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ADM, Cargill Linked to 'Green Land Grabbing' Case in Brazil

U.S. companies bought beans from farmers in Cerrado case

PIXABAY
PIXABAY

Two U.S. commodity traders bought soybeans in Brazil from farmers trying to evict a traditional community from South America's largest savanna, where deforestation is hastening global warming, watchdog group Global Witness found on Tuesday.

Reuters reports Brazilian grains producers, who say they bought the disputed land legally, have been fighting in court since 2017 to evict the Capao do Modesto people from part of the Cerrado, where the cattle herders say they have lived for 200 years.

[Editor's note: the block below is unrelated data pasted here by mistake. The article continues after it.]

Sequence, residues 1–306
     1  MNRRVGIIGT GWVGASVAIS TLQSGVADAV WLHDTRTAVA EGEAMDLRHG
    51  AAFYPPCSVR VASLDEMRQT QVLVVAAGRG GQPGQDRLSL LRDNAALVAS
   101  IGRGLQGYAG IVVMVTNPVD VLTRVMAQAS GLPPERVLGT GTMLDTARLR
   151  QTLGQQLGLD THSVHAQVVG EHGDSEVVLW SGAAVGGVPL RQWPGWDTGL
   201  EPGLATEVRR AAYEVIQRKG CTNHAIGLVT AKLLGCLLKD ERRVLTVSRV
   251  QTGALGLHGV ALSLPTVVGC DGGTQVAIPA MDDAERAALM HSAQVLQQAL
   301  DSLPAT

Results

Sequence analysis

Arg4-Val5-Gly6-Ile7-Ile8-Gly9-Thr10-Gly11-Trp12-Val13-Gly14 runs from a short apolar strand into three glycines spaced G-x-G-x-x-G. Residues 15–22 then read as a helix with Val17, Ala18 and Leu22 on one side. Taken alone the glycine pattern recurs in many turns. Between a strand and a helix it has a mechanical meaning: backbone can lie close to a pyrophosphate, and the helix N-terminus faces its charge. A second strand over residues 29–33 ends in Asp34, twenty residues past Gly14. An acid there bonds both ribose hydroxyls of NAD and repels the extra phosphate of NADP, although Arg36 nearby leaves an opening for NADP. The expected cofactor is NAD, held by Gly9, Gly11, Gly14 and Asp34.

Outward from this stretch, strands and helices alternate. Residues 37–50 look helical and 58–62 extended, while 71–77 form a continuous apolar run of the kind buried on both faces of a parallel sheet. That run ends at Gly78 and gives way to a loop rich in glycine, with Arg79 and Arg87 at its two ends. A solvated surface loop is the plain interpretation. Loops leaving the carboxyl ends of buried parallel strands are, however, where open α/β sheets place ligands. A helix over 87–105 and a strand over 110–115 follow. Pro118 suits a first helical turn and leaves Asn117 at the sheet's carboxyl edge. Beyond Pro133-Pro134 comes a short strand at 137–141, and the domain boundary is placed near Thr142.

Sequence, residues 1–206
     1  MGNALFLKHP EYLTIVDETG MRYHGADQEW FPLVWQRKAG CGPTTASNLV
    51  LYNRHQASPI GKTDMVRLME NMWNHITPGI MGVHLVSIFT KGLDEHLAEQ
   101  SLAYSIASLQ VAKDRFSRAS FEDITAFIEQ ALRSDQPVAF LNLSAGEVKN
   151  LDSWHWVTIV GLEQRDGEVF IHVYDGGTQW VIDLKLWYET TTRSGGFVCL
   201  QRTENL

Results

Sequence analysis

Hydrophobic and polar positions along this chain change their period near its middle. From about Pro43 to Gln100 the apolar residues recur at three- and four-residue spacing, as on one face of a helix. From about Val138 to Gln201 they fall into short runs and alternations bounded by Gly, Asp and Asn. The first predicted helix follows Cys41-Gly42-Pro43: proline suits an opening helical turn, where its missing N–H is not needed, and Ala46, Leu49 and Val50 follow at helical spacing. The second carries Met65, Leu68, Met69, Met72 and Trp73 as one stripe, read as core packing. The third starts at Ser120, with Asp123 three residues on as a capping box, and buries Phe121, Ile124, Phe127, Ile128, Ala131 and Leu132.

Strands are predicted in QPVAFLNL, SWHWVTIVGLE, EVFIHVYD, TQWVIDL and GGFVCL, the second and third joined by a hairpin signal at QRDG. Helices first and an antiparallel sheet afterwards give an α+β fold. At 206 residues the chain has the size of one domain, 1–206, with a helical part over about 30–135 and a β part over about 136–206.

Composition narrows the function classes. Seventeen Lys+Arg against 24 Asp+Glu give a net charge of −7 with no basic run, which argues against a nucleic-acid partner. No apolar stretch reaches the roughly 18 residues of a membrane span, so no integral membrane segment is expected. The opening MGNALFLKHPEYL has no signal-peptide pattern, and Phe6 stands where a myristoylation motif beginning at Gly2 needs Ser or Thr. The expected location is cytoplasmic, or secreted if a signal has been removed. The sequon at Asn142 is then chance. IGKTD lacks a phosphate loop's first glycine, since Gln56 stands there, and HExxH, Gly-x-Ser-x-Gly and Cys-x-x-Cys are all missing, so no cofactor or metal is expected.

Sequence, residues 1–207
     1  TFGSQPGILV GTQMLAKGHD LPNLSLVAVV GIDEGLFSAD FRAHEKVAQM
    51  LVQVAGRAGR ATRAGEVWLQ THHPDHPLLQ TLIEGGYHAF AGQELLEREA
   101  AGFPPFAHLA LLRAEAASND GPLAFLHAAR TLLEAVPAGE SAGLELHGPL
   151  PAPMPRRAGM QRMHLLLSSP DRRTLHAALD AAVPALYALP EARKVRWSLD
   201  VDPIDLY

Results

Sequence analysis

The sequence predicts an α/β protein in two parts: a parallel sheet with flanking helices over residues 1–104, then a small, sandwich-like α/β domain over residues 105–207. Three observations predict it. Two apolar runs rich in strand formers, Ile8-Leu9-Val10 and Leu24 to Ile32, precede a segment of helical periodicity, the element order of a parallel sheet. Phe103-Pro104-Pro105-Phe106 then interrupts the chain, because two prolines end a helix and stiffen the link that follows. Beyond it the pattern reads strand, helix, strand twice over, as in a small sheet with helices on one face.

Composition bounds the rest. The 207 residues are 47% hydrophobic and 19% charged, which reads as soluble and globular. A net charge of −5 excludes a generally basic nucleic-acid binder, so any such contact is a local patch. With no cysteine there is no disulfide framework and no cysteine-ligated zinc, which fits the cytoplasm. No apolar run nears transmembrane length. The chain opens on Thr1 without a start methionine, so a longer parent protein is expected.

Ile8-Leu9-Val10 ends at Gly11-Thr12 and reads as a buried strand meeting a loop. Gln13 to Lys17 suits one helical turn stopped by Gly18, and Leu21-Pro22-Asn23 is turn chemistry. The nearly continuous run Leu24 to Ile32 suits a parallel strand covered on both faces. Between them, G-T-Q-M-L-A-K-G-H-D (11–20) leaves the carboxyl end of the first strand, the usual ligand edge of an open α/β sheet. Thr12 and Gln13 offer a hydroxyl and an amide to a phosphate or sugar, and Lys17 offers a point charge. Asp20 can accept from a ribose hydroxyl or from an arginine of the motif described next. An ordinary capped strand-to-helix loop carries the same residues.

Money transfers seen by the Thomson Reuters Foundation show that during 2017 and 2018 Cargill paid 880,000 reais ($268,000 at the exchange rate on Dec 31, 2017) to soybean producer Agropecuaria Sementes Talisma, one of seven claimants in the case.

ADM paid the same company 530,000 reais ($162,000 at the exchange rate on Nov 30, 2017), the transfers show.

Cargill confirmed in emailed comments to Reuters that it had bought soybeans from Talisma in 2016 and 2017, but said it no longer had a commercial relationship with the firm.

ADM told Reuters it had launched an investigation after receiving a letter from Global Witness alleging that suppliers in its supply chain in Bahia were responsible for irregularities that violated its purchasing policies in the area of ​​human rights.

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